England v Brazil : Samba Showdown

Jack Salter
Jack Salter - Head of Editorial

Despite defeat to Brazil denting preparations for EURO 2024, England remain one of the favourites to win the showpiece football tournament.


This summer, England will once again be looking to win the UEFA European Football Championship for the very first time. 

The Three Lions fell just one short on home soil at the previous tournament when they were consigned to an agonising defeat in the final on penalties by Italy under the iconic Wembley arch, where England infamously won their only ever trophy in the 1966 FIFA World Cup more than half a century ago.  

Wembley also staged England’s recent high-profile friendly against Brazil on 23rd March 2024, which ended in a 1-0 victory for the Seleção and a first defeat in 11 for the hosts. 


In-form England started the game brightly, however, pressing high and pinning the visitors in their own half for much of the first 10 minutes, with Phil Foden narrowly bending a free kick past the far post. 

Sporting an unfamiliar blue away kit rather than the famous canary yellow shirts synonymous with superstars such as Pelé and Ronaldo, Brazil survived the early onslaught and quickly warmed to the task. 

Rodrygo fired the first warning shot, testing the palms of Jordan Pickford with a low effort to the goalkeeper’s left after a strong surge towards the England 18-yard box. 

Lucas Paquetá, who plies his trade at club level in the capital with West Ham, then played Vinícius Júnior through on goal. However, the rapid Real Madrid forward was denied by Manchester City’s Kyle Walker, who scampered back to clear off the line. 

After a nervy spell of Brazilian pressure, the home side settled down and should have taken the lead when Ollie Watkins blazed over the bar from six yards after he was teed up inside the box by debutant Anthony Gordon. 


  • Possession: 53 percent – 47 percent 
  • Shots: 14 – 14 
  • Shots on target: 3 – 5  
  • Corners won: 7 – 2  
  • Fouls conceded: 11 – 19 

A frantic first half full of chances, including an effort from Raphinha that flew narrowly wide just before the break, ended goalless, giving players and fans alike a much-needed breather.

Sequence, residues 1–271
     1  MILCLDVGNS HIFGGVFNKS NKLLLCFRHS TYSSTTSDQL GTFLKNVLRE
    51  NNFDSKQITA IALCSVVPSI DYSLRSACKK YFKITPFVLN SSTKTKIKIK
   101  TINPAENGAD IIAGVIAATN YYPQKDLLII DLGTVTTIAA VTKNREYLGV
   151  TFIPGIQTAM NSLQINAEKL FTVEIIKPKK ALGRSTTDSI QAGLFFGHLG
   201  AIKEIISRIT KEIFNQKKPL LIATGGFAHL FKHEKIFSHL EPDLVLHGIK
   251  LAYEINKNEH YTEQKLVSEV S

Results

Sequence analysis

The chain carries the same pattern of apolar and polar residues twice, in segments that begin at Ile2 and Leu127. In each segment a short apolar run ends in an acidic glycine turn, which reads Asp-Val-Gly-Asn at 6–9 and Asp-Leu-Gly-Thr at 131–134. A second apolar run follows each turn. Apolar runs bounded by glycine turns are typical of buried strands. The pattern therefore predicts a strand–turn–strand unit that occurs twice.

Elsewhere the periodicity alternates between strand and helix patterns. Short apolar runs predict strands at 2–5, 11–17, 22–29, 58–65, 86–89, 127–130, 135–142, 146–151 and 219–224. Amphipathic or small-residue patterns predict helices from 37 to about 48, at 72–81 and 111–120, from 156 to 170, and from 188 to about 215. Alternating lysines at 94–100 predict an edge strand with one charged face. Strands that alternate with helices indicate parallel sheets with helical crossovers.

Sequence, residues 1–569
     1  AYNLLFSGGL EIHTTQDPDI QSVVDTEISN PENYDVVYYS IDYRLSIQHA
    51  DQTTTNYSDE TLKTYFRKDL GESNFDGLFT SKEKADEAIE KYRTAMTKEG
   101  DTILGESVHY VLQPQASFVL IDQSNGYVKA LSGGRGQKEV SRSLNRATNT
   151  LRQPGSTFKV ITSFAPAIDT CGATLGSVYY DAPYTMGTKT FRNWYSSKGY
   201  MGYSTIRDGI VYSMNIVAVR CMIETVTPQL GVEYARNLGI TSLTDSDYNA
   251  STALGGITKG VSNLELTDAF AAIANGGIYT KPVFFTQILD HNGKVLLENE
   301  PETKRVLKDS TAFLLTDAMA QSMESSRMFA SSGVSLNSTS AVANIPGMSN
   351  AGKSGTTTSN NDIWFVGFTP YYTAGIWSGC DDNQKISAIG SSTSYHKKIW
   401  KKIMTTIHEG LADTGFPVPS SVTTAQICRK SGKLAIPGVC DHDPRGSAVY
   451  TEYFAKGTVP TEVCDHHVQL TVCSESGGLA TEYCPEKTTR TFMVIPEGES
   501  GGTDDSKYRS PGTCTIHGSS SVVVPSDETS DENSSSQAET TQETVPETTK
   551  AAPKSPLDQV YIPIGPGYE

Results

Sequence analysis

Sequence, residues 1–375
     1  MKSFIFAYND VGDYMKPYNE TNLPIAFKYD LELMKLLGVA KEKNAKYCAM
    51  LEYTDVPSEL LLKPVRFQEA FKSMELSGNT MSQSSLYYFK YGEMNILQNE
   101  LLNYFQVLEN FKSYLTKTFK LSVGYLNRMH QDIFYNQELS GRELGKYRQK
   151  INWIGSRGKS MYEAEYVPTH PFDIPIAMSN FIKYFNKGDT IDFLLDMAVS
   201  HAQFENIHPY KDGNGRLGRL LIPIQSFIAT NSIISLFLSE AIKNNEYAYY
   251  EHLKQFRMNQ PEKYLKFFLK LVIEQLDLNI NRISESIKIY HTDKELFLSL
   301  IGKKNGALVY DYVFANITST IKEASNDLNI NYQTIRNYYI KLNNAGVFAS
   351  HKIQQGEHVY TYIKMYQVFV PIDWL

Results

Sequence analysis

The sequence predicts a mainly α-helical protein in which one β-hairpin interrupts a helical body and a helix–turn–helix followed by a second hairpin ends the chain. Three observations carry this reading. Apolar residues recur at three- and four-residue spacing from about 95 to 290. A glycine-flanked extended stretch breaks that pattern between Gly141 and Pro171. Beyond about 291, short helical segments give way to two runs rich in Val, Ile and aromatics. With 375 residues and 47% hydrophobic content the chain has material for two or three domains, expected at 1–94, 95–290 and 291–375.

England started the second half in a similar fashion to the first, on the front foot and forcing Bento into a diving save. 

A lack of attacking thrust after the interval meant both defences were on top, with England manager Gareth Southgate bringing on the likes of Jarrod Bowen, Marcus Rashford, and Kobbie Mainoo to inject some fresh legs into midfield and try to break down the bulletproof Brazilian  
back line. 

However, it was the visitors who finally broke the deadlock through 17-year-old Endrick in the 80th minute, handing England a first home defeat in two years. 


The defeat to Brazil was not the ideal start to England’s preparations for EURO 2024, which is being hosted in Germany, the joint-record three-time winners along with Spain. 

A 2-2 draw against Belgium soon followed, salvaged only by a stoppage time Jude Bellingham strike to spare England from successive Wembley defeats. 

England have two remaining friendlies ahead of the tournament, against Bosnia and Herzegovina and Iceland on 3rd and 7th June 2024, respectively, to ready themselves for the tournament. 

Despite the result, the Brazil friendly was an ideal litmus test for England ahead of EURO 2024, with the South Americans sitting fifth in the FIFA World Rankings, just one place below their opponents. 

England have been drawn in Group C along with Denmark, Serbia, and Slovenia, from which the team will be fancied to qualify as winners.  

Doing so should, in theory, ensure a more favourable draw in the Last 16 against one of the third-placed teams in Group D, E, or F, before likely crossing paths with big hitters such as France, Italy, Spain, and Germany en route to the final. 

Should England reach their second successive UEFA European Championship final, football’s perennial underachievers will be hoping to exorcise the demons of EURO 2020 and claim the trophy for the first time. 


  • Group A: Germany, Scotland, Hungary, Switzerland 
  • Group B: Spain, Croatia, Italy, Albania 
  • Group C: Slovenia, Denmark, Serbia, England 
  • Group D: Poland, Netherlands, Austria, France 
  • Group E: Belgium, Slovakia, Romania, Ukraine 
  • Group F: Turkey, Georgia, Portugal, Czechia
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By Jack Salter Head of Editorial
Jack Salter is an in-house writer for EME Outlook Magazine, where he is responsible for interviewing corporate executives and crafting original features for the magazine, corporate brochures, and the digital platform.